Bruce Fretts lauds ''Ed,'' pans ''Geena,'' and offers a few surprises, too

By Bruce Fretts
Updated October 12, 2000 at 04:00 AM EDT
Advertisement rates the best and worst of the new TV season

The new TV season is less than two weeks old, but winners and losers are already starting to emerge. And overall, the viewing public is showing remarkably good taste. Here’s a night by night breakdown of the results so far.

SUNDAY The fall’s happiest news is the first week success of NBC’s ”Ed.” Justifiably hailed by many critics as the best new show of the season, the David Letterman produced dramedy drew 16.5 million viewers in its first airing. That number may drop once ”Ed” faces new episodes of Fox’s ”The Simpsons” and ”Malcolm in the Middle” and CBS’ ”Touched by an Angel” (which were preempted by baseball and football), but ”Ed” is off to a terrific start.

MONDAY More great news: CBS’ ”Everybody Loves Raymond” (also produced by Letterman’s Worldwide Pants) is attracting its biggest audiences ever — beating Dennis Miller’s ”Monday Night Football” as well as Oliver Platt’s disappointing new NBC drama ”Deadline.” Shockingly, Ray Romano’s new lead in, ”Yes, Dear,” survived savage reviews and performed impressively in its first two outings, which means next week it will have run longer than star Mike O’Malley’s self titled NBC sitcom did last season.

TUESDAY After a boffo top 10 debut against the first presidential debate, James Cameron’s overblown sci-fi drama ”Dark Angel” fell to earth in its second airing. Does the same fate await Geena Davis’ godawful self titled ABC sitcom and Andre Braugher’s promising ABC doc drama ”Gideon’s Crossing,” both of which bowed strongly? Stay tuned (or in the case of ”Geena,” don’t).

WEDNESDAY ”The West Wing” shot out of the gate with a two hour season premiere that riveted more than 25 million viewers, making it the No. 1 program of the week. A combination of the Emmys, an attention grabbing assassination attempt cliff-hanger, and perfect election year timing have set up ”Wing” for a breakout ratings season. (And having previewed Charlie Sheen’s stultifying first episode as the new star of ABC competitor ”Spin City,” I can assure you that his dad Martin has nothing to worry about.)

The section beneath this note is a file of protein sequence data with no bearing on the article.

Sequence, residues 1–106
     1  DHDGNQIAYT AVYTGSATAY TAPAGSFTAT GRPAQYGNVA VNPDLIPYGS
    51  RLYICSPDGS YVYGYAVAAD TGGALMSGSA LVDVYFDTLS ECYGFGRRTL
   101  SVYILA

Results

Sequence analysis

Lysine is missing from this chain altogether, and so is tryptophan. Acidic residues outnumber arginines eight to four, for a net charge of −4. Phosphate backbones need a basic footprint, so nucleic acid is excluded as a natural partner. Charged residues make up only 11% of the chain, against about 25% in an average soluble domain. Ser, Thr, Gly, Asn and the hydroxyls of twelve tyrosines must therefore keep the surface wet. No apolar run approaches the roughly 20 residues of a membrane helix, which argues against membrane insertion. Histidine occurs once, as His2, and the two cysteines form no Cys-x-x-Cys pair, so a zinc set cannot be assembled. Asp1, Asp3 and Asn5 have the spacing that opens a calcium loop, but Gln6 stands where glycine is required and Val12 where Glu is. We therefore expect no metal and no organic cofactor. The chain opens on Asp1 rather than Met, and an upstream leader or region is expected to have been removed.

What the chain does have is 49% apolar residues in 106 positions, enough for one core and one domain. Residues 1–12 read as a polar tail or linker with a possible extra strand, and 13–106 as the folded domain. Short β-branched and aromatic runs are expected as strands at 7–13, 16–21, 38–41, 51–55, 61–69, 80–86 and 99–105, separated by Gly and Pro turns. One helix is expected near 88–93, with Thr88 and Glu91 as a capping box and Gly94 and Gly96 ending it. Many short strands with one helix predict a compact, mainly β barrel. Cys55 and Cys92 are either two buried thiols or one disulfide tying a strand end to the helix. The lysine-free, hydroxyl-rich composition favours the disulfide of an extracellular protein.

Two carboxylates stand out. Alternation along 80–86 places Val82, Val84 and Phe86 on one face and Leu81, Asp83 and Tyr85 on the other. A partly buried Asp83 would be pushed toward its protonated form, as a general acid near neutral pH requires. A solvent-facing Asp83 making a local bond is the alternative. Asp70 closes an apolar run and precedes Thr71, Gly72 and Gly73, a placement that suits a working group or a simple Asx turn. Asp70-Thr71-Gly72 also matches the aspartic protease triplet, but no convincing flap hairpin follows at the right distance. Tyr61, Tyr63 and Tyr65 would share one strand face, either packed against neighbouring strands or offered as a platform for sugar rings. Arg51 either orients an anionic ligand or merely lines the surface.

THURSDAY As I write this, NBC’s Must See lineup hasn’t yet debuted, but one of the season’s few new bright spots, The WB’s engaging family dramedy ”Gilmore Girls,” has premiered with encouraging ratings. While finishing 63rd with 5 million viewers might not sound impressive, the show set a record for its slot and dwarfed the numbers for its predecessor, the inaccurately titled ”Popular.”

FRIDAY CBS breathlessly hyped its remake of ”The Fugitive,” but it was the less heralded (but superior) cop show ”C.S.I.” that ran away with the ratings, finishing ninth for the week. Tim Daly’s Dr. Richard Kimble lagged behind in 26th. Meanwhile, ABC’s post TGIF lineup was all but DOA, with only Gabriel Byrne’s ”Madigan Men” (a watchable sitcom stranded amidst the crap of ”Two Guys and a Girl,” ”The Trouble with Normal,” and ”Norm”) showing any signs of life, placing 43rd.

SATURDAY ”Coach” star Craig T. Nelson’s return to series TV in the ludicrous cop show ”The District” was the night’s highest rated show, debuting in 17th place. Okay, so the American viewing public doesn’t ALWAYS show good taste.

The West Wing

  • TV Show
  • Off Air
  • NBC